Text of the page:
My friend Joseph Nelson deserves credit for inspiring this post.
Donald Trump says he’s yanking the convention from Charlotte, North Carolina. (Well, maybe not all of it, just the exciting parts that spread obedient adulation and coronavirus.) The Republican National Committee is now looking for a new venue where they count on lots of supporters who won’t wear sissy masks.
Kristi, you’re on this, right?
Governor Kristi Noem already has Donald Trump coming to the Black Hills for fireworks at Mount Rushmore on July 3. She’ll get to hang on his arm all day long (Melania who?) swapping stories about hiring your kids for government jobs and extolling the virtues of the Black Hills. Kristi, work Donald into a lather, and then, as the fireworks pop, lean over and whisper right in his ear, “Come back in August—bring the convention to South Dakota!”
Kristi, tell Trump how the Black Hills hosts hundreds of thousands of his biker pals every summer, so hosting a measly (another term derived from a virus) 50,000 Republican National Convention goers would be no problem. (Heck, why not move the convention up a couple weeks and do it during the Sturgis Rally?) Tease him with the prospect of recreating President Coolidge’s Western White House, spending the rest of the summer as far from coastal liberals, humidity, and mosquitoes as he could. Pitch how the Republican National Convention will get cheaper rates in South Dakota than anywhere else in the nation, thanks to our low taxes and low wages. And promise Donald he can bring all the spectators he wants to his great big convention speech without any silly state orders about social distancing or other public health hysteria.
Bringing the Republican National Convention has obvious advantages for everyone in South Dakota, including you, Kristi. You can put thousands of South Dakotans back to work in a snap readying the hotels and campgrounds and event sites for Trump and his unmasked convention. You can become the savior of the South Dakota tourism season. You can put our fair state on every national news broadcast every night for the rest of the summer, earning more media than any Minneapolis ad firm could buy you for any price. You can shuck some coronavirus relief funds toward trucking in lemons and distribute them to every family in Pennington, Custer, Lawrence, Meade, and Fall River counties, so every child can go out on the street and peddle lemonade to the RNC visitors.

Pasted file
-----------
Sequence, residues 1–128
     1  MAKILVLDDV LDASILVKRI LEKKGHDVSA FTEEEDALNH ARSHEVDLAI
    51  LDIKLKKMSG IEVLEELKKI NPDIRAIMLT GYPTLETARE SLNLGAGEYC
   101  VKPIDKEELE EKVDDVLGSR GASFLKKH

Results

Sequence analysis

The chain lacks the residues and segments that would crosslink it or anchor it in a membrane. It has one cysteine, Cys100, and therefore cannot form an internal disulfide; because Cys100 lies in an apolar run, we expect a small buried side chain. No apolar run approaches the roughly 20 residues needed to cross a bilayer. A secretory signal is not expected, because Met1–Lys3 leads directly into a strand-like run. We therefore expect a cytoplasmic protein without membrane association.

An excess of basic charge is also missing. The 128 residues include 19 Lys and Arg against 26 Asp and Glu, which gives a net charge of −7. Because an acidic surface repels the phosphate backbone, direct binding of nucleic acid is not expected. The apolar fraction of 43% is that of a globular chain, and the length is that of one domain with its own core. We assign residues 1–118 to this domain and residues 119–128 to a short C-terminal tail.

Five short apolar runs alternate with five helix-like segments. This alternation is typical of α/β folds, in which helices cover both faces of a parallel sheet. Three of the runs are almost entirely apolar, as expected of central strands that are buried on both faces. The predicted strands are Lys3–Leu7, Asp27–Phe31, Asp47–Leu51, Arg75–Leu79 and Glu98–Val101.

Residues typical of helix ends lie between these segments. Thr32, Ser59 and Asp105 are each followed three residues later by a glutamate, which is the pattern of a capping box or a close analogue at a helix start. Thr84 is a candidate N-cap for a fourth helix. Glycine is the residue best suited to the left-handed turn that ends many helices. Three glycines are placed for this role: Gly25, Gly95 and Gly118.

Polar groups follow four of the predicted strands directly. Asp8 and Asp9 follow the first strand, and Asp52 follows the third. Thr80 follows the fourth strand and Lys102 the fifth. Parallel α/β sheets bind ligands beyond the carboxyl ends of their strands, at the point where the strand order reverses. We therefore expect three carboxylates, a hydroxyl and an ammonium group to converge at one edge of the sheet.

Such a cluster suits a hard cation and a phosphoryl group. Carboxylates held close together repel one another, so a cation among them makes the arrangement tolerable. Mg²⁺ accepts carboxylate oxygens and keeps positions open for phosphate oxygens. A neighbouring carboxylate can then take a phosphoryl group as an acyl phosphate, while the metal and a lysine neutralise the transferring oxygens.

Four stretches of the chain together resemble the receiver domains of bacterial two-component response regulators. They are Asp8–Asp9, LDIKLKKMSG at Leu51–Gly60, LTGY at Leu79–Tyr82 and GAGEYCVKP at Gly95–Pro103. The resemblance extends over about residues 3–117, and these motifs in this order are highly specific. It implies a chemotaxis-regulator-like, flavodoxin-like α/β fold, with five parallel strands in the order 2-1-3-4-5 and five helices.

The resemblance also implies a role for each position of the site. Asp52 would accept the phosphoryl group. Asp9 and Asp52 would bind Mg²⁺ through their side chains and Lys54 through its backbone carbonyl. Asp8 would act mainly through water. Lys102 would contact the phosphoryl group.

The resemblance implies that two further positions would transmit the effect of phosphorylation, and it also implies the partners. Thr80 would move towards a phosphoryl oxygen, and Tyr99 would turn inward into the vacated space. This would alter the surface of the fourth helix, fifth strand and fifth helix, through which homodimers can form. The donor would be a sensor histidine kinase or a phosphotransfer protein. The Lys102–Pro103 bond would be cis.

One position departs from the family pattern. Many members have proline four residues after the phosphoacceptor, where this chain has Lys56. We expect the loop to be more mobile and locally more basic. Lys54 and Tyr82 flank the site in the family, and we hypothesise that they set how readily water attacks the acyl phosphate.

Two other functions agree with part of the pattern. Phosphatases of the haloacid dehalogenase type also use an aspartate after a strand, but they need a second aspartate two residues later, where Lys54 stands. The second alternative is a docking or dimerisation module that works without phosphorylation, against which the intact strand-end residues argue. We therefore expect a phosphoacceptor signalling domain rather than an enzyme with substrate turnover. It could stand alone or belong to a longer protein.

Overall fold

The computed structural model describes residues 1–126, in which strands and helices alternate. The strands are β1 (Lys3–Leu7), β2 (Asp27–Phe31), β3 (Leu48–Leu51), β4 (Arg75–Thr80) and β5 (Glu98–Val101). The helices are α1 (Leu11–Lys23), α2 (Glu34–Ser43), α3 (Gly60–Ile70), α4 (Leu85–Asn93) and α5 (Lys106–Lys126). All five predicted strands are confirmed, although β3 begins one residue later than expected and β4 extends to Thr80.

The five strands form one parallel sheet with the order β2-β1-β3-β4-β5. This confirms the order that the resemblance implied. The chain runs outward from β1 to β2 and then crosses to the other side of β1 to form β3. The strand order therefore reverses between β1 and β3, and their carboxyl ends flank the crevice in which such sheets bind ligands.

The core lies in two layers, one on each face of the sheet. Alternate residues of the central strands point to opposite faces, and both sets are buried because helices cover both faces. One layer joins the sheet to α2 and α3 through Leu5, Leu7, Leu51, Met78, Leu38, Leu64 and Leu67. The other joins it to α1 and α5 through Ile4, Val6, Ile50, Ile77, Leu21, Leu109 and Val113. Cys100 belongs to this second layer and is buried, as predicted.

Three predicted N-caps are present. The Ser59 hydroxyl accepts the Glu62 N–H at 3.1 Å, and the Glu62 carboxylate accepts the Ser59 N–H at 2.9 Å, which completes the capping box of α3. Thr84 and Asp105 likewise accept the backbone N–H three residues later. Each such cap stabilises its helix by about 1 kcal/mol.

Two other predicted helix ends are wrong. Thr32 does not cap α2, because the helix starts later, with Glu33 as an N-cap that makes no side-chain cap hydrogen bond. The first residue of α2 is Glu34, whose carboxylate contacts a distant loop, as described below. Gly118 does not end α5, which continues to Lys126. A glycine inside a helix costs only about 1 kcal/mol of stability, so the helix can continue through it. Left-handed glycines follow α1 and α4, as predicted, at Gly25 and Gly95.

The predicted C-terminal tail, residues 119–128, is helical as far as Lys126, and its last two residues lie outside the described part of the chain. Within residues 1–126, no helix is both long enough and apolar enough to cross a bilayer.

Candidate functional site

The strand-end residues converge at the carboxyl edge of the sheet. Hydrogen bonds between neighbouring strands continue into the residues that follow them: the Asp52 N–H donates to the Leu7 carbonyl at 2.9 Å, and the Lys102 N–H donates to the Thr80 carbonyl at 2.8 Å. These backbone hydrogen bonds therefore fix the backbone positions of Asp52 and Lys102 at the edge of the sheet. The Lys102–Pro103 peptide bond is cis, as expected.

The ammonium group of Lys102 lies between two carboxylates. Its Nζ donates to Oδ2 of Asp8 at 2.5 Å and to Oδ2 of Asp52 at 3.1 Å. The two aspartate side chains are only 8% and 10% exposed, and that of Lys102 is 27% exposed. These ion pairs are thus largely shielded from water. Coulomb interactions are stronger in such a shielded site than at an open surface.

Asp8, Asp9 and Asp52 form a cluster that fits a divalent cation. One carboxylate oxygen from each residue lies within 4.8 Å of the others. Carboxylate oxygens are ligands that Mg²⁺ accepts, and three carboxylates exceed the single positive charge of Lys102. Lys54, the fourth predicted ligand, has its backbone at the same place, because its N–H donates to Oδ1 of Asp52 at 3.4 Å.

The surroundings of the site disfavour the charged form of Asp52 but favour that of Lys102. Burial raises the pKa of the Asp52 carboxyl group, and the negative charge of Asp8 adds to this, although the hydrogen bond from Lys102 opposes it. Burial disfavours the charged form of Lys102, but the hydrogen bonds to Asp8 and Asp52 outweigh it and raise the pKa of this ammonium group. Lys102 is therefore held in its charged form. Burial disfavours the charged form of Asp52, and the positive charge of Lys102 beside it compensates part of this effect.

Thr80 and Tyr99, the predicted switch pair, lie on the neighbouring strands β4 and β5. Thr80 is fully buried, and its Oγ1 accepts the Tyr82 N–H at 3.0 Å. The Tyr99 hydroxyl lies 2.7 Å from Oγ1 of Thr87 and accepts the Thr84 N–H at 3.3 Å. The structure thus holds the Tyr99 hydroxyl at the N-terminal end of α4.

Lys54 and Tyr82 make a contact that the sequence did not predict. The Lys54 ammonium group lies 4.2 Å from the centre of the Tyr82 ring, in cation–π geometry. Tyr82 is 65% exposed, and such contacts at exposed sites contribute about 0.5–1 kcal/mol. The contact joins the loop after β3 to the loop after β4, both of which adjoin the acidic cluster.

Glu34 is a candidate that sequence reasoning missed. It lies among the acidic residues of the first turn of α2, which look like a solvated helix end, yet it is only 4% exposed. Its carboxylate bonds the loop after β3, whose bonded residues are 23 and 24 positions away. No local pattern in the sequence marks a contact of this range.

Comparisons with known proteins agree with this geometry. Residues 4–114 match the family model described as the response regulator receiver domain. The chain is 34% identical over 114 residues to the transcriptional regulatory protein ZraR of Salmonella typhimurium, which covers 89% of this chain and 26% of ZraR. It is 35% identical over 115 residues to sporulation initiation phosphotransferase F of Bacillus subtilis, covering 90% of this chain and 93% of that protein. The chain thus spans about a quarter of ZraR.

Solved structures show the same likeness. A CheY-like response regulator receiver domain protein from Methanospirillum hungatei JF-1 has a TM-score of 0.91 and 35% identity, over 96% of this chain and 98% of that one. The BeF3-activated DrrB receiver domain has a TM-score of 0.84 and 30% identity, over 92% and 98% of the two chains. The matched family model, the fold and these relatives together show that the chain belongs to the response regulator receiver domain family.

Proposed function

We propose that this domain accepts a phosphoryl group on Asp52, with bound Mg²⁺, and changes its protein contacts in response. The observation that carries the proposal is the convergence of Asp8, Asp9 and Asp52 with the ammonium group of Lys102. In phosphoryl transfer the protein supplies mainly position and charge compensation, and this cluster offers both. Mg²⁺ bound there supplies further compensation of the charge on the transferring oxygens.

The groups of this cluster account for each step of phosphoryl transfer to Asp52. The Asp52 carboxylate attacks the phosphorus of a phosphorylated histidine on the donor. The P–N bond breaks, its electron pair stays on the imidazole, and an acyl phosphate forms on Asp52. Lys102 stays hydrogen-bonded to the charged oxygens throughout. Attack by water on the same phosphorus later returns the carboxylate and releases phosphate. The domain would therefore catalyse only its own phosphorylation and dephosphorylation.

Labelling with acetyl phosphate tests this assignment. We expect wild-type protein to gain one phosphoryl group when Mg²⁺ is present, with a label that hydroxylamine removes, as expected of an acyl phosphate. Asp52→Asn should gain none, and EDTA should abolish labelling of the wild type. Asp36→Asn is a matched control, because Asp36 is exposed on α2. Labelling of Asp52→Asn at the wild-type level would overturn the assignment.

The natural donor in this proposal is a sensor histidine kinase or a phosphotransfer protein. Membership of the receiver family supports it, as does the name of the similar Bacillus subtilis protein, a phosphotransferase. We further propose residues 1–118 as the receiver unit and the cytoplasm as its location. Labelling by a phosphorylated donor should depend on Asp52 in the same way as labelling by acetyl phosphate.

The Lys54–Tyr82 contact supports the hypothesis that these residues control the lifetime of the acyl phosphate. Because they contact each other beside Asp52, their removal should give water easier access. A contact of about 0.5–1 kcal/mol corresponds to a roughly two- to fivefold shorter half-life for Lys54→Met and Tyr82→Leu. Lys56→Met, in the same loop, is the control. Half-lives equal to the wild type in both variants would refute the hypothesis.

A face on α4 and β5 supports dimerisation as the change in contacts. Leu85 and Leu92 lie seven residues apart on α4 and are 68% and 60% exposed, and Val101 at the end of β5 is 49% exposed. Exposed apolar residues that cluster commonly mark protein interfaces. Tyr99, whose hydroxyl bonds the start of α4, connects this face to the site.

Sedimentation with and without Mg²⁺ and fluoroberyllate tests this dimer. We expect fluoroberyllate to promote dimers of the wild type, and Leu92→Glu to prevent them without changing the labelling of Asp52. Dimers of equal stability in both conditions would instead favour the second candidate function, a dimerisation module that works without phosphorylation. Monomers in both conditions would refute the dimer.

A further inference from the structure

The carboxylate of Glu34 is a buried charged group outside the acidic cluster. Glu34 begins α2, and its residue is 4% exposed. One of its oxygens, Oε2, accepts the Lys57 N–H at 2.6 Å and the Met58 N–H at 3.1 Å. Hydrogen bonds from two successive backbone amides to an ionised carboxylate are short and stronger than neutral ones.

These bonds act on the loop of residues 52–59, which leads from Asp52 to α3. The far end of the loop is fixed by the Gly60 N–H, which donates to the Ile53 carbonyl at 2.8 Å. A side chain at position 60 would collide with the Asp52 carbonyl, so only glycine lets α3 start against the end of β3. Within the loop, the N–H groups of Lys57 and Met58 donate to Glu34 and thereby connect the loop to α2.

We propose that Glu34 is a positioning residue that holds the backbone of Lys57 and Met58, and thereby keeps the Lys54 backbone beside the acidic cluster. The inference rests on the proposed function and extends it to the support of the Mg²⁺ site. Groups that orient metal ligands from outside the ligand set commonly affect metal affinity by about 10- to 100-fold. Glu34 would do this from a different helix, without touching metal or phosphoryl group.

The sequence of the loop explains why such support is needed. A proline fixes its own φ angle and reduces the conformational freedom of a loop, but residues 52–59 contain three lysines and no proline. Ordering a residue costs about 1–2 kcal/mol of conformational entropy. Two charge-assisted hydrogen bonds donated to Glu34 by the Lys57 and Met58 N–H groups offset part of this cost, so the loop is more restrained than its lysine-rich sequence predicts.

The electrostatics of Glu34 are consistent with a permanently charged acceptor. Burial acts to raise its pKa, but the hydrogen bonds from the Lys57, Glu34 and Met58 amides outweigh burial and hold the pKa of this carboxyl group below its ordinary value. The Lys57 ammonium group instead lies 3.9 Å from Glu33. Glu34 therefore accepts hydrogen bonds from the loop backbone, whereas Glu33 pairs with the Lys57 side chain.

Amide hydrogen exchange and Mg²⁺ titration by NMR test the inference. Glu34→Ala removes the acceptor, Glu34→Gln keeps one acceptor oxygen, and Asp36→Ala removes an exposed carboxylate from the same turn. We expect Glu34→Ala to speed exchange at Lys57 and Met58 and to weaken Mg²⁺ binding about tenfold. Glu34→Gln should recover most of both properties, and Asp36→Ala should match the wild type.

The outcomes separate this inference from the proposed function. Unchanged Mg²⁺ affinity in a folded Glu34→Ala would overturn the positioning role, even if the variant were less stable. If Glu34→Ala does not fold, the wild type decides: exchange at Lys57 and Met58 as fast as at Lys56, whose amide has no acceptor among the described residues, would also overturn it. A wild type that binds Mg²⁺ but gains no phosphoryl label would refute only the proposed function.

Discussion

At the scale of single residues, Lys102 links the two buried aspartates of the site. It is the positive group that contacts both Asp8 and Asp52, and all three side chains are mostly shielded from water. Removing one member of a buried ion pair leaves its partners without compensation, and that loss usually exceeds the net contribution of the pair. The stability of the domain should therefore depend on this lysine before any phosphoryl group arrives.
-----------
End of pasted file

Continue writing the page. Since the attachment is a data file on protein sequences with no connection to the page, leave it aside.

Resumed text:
Any rich idiot can rent an arena and pack it to the rafters with cronies and balloons and generic stage decorations (and prop Bibles—don’t forget the prop Bibles!). But only the President of the United States can order the Park Service to clear a path for himself and the camera crews and several thousands followers to the greatest backdrop any nominee could ask for: the pine- and mountain-sky-framed faces of America’s greatest Presidents, quietly bestowing dignity on their worst successor, who will mug the mic for two hours, then push a big red button setting off fireworks launched not just from the mountain but from screaming B-1Bs from Ellsworth and a long train of fighter jets brought along for the biggest aerial parade ever.
Kristi, paint that picture for Il Duce (leave out the “worst successor” part; you’ll think of something more appealing to your target). Paint the picture of Trump’s tremendous acceptance speech, with the cameras positioned perfectly to display his head among the four granite greats, next to the prospect of Sleepy-Creepy (or whatever last three adjectives Trump has tweeted) Joe Biden muffled behind a mask and squawking at Democrats from his basement on a Zoom screen. Trump will eat it up.
And on the third morning of the great Black Hills Republican National Convention, you can rap out the Secret Service code knock on the door of the Alex Johnson Presidential Suite, toss a couple McMuffins on the bed, and, when the Donald looks up from his phone, say with all the pageant conviction you can muster, “If you think this is good, imagine me as your running mate.”
The next night, the big night, when Donald Trump stands on his platform at Mount Rushmore, when the bombers and pyrotechnics and mask-free delegates roar, you’ll be standing right there, holding his hand above his head before a grateful state and a bedazzled nation.
Republican National Convention—We’re On It™. Kristi, this is your moonshot. Bring the convention to South Dakota!